China recorded a trade surplus of US$ 28.8B in April, beating consensus of US$ 27.5B. In March, China reported a deficit of US$ 5B due to seasonal factor. Compared with the same period last year, trade surplus narrowed by -23.1%. The +12.9% y/y increase in exports was overshadowed by a +21.5% jump in imports. Specifically, its trade surplus with the US expanded to US$ 22.2B, up from US$15.4B a month ago. In the first four months of the year, China’s trade surplus with the US reached US$ 80.4B. The data failed to do any help to soothe the recent trade tensions between the world’s two biggest economies.
No Breakthrough in First Trade Talk
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The US-China trade talk on May 3-4 ended a joint statement, let alone a deal. Media reported that the White House demands to reduce US trade deficit with China by US$ 200B by the end of 2020, from 2018 levels. Furthering the effort to reduce trade deficit, China’s purchases of US goods should represent at least 75% of a commitment to a US$ 100B increase in purchases of US exports for the 12 months beginning June 1 2018, and at least 50% of China’s commitment to an additional US$ 100B increase in purchases of US exports in the 12 months beginning June 1, 2019. The US has also lain down requests on the protection on the US tech industry and intellectual property, restrictions on Chinese investment in “sensitive US technology sectors or sectors critical to US national security”, China’s opening up of markets for US investment.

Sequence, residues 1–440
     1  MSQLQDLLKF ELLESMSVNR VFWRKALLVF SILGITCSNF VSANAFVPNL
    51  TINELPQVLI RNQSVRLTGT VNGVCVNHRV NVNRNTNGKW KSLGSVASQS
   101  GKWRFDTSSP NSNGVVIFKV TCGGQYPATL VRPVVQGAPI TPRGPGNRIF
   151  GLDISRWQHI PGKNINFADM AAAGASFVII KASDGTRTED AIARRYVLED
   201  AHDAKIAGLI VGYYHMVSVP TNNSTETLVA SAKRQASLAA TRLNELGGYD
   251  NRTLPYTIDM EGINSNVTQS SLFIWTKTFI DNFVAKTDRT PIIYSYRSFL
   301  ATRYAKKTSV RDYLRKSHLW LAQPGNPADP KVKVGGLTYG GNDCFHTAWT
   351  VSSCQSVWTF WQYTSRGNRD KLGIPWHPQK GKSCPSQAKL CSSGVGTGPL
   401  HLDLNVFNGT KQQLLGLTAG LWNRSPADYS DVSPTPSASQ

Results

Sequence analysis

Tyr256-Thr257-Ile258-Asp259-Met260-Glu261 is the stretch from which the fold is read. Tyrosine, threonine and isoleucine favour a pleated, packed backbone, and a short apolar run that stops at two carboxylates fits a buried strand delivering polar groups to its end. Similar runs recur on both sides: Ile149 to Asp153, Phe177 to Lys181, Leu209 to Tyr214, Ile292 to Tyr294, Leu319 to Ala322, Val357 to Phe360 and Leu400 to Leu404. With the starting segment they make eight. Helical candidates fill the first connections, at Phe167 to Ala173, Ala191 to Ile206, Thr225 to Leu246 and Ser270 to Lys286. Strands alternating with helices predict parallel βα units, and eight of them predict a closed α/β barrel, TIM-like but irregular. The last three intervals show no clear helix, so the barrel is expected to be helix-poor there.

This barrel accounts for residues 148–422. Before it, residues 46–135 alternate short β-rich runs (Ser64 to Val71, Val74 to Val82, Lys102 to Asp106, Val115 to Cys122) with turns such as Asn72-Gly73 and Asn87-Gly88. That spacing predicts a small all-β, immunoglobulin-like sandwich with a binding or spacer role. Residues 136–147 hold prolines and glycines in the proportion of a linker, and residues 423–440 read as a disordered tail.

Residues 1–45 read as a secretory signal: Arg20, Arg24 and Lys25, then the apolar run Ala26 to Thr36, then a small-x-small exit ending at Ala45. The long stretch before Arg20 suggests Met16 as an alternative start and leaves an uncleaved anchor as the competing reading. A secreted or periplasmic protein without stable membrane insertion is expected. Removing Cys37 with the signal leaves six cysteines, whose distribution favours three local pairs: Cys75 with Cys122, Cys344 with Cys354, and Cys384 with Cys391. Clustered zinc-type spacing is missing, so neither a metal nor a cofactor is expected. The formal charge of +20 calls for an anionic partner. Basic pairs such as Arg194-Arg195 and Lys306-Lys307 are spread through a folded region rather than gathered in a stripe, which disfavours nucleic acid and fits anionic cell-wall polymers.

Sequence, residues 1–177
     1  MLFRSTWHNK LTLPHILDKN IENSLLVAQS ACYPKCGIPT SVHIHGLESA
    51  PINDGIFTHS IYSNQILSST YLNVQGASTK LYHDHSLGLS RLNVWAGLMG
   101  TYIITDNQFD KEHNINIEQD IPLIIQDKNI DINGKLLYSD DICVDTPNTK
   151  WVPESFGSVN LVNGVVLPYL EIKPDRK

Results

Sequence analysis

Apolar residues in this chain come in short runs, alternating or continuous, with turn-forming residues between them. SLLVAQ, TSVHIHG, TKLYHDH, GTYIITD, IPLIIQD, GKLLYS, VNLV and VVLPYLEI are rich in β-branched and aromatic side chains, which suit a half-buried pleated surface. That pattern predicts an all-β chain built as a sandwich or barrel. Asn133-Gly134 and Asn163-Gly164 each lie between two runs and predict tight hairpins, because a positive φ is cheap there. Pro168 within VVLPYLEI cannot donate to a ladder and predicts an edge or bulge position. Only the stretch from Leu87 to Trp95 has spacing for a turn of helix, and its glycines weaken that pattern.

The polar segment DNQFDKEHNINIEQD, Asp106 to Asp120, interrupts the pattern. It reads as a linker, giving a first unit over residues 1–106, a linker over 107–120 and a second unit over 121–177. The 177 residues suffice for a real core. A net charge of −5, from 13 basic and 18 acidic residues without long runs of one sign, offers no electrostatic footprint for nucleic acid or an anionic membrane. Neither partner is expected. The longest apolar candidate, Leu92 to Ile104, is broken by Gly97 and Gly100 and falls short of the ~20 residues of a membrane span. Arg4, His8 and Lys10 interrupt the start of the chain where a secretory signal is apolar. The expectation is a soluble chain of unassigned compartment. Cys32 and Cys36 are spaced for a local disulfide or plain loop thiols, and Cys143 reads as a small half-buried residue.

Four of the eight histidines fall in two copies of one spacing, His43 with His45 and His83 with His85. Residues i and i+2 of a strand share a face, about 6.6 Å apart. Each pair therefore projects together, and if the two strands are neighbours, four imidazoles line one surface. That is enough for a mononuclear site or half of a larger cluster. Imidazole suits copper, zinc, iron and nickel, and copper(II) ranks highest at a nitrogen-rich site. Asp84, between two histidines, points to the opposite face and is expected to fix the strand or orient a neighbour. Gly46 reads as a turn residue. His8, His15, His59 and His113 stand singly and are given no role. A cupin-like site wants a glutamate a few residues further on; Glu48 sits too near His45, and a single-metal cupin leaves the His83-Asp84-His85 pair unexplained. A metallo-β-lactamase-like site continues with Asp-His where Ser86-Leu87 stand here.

On China’s side, it requests the US to remove the trade restrictions announced over the past two months. For instance, the US should stop imposing 25% additional tariffs on Chinese products, adjust the export ban on ZTE and lift bans on exports of integrated circuits to China. China also demands the US not to initiate any Section 301 investigation against China, which has been scheduled on May 15.
Trade War is Still Not Our Base Case
Little has been agreed upon after the meeting last week While this signals that the US may impose US$ 50B of tariffs on 1 300 Chinese imports when its public comment period on the proposed sanctions ends on May 22, we remain hopeful of an eventual deal would be reached. Liu He, the vice premier of the Chinese Communist Party (CCP) as well as the top economic official, will arrive Washington next week to continue the discussions with US president Donald Trump’s economic team. We notice that the Chinese government has softened its tone over trade issues. The editorial (http://www.xinhuanet.com/mrdx/2018-05/06/c_137158886.htm) of Xinhua news, CCP’s mouthpiece, over the weekend described the trade talk as frank, highly- effectively and constructive. It noted that the talk itself has set a positive beginning for avoiding further escalation of trade tensions. Meanwhile, a news report by Economic Information Daily (http://www.jjckb.cn/2018-05/07/c_137160241.htm) revealed that China’s Commerce Department has begun studying the possibility of lowering tariffs of vehicles and some daily necessities.